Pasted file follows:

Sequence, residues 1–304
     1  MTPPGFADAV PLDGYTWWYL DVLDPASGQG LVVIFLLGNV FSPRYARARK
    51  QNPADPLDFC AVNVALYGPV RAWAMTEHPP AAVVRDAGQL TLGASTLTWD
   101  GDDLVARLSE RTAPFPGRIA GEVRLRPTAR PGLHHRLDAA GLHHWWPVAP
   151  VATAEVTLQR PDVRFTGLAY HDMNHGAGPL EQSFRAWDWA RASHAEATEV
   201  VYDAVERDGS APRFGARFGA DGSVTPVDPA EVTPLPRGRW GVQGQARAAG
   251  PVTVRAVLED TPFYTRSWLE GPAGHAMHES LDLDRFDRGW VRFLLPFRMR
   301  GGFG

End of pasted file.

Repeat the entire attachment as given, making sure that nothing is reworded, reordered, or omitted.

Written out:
Sequence, residues 1–304
     1  MTPPGFADAV PLDGYTWWYL DVLDPASGQG LVVIFLLGNV FSPRYARARK
    51  QNPADPLDFC AVNVALYGPV RAWAMTEHPP AAVVRDAGQL TLGASTLTWD
   101  GDDLVARLSE RTAPFPGRIA GEVRLRPTAR PGLHHRLDAA GLHHWWPVAP
   151  VATAEVTLQR PDVRFTGLAY HDMNHGAGPL EQSFRAWDWA RASHAEATEV
   201  VYDAVERDGS APRFGARFGA DGSVTPVDPA EVTPLPRGRW GVQGQARAAG
   251  PVTVRAVLED TPFYTRSWLE GPAGHAMHES LDLDRFDRGW VRFLLPFRMR
   301  GGFG